17. What are your top three tracks that you are listening to right now?
Because summer is a high season, I really miss silence, so I don’t listen to music when I can avoid it. But I share with you three tracks I love to play right now.
First of all, I love the intro: “I don’t wanna fake bitches in the crowd tonight. I want some real bitches!” — and the whole track is so old school, it just makes me smile.
2. Thomas P. Heckmann “Dimensions-Disco” (Original Mix).
I find all music from Thomas exciting. I have most of his records in my collection. But at the moment this one is my favorite to play. Perfect festival track.
I have finished two of my last sets with this track. It was beautiful to close the party at Brazilian Warung Beach Club with this one, seeing the sun rising from the sea in front of the place.
18. Is the accessibility of producing music becoming detrimental to the electronic scene?
For me, yes, ’cause it’s harder to find something good in tonnes of “homemade experiments.” In some ways, it’s good ’cause technology gives everyone the opportunity to create, but the other side is that there are so many people pretending to be producers now. These people think production is the key to getting bookings and so a lot of music becomes cheap, fast-made, and cheesy. The quality of production has changed and there is now a lot of rubbish. Everything has become too simple. Also, most of the music became too functional because of an ideas crisis; that’s why I search in archives and basically I do it on Discogs, because back on the day, music had to be a high quality in order to be released on vinyl.
19. What’s your favorite guilty pleasure on the road and why?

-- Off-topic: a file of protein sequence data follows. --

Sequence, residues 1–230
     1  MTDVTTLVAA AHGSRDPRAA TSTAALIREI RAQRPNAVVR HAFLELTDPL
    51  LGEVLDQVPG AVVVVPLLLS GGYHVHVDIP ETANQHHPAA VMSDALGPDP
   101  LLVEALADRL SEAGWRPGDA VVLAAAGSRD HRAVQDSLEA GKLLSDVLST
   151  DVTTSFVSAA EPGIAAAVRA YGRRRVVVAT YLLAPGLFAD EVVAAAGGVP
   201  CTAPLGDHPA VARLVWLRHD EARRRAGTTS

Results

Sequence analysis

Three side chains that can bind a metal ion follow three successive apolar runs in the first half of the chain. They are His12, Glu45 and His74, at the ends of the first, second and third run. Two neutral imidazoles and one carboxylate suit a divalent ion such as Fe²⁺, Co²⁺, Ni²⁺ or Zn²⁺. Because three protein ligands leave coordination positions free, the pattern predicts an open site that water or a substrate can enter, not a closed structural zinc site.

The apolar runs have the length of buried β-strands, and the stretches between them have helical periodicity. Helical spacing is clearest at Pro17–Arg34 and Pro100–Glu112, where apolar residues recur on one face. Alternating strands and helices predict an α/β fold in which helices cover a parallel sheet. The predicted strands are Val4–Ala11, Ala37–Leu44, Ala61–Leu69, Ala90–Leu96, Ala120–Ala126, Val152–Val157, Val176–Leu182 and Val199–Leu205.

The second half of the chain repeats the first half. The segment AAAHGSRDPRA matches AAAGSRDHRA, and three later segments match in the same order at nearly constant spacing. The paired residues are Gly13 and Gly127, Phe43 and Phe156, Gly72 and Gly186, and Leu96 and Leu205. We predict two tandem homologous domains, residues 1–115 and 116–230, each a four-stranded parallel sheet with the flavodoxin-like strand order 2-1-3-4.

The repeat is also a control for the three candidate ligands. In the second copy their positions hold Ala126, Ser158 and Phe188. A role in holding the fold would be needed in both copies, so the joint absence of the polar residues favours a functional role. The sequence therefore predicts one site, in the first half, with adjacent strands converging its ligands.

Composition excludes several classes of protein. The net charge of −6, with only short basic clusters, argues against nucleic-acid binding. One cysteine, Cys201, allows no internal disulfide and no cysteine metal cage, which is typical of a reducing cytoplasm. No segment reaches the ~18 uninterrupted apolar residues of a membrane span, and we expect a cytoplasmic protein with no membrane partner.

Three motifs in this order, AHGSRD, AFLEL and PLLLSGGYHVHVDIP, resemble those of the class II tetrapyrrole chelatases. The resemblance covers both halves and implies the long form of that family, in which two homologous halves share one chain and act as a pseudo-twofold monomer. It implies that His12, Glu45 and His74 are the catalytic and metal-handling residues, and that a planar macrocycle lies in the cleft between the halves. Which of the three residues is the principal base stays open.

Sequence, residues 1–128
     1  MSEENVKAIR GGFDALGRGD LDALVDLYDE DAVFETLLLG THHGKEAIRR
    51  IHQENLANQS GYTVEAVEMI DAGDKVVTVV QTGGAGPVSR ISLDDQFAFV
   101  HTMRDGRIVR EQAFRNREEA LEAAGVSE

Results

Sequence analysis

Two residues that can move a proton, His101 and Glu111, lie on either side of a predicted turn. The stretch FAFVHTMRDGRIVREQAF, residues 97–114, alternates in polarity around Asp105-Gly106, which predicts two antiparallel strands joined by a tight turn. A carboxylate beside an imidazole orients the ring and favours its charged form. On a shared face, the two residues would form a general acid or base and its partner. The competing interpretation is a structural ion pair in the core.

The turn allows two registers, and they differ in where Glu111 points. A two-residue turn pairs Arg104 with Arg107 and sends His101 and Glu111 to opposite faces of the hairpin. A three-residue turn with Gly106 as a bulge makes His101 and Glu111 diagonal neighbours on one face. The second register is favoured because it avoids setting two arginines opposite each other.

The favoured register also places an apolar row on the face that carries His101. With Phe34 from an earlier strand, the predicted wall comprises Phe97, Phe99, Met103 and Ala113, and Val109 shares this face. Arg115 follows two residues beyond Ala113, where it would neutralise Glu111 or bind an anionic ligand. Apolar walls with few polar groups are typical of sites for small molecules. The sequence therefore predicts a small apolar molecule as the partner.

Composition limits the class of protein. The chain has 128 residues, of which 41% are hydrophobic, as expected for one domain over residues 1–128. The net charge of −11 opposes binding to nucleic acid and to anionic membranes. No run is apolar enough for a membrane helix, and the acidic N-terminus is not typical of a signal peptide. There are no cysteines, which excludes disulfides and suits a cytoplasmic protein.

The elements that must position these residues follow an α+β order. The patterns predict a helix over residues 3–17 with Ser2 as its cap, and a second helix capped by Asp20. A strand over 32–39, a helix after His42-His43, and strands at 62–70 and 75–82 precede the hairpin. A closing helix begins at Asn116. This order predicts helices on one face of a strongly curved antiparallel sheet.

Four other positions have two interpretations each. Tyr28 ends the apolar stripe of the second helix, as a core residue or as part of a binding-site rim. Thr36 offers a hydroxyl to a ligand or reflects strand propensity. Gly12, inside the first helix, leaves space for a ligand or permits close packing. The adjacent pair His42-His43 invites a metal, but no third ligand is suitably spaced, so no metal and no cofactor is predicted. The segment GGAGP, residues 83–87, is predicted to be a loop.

Food and spa. Food is an easy joy and I love to discover new restaurants around the globe. I usually search and choose them by myself and then pass the info to promoters. Every time I have to eat on the plane (usually I don’t, but with the long flights I have no option) I feel I am doing something wrong and I get sad a little because I respect my body and it’s better not to eat such a “meal.” So when I arrive at the gig destination, I always compensate for bad times in the air with quality, fresh and delicious food.
Spa is a new pleasure, ’cause my schedule is the same intensity for years and my body gets tired faster, so I try to help and support my health. Also, my backpack is always very heavy (normally it’s around 10 kg) and caring records is not easy. I am really afraid of any back problems, so once a month I visit my orthopedist and I have a local massage as well. Then when I am traveling I try to get a massage if I have time for that, plus sauna plus pool.
20. What’s the first thing you’ll do after answering these questions?
Sleep! I am answering these on the long flight from Sao Paulo to Frankfurt on the way back home, and I was lucky to get an upgrade to business class, so I can lay down and sleep properly.
Nastia will be performing at this year’s Sonus Festival alongside Charlotte de Witte, Rødhåd, Praslesh, Rhadoo, Sonja Moonear, and many more. This year’s edition runs from August 19 to 23 on Zrce Beach, Croatia, with more information available here.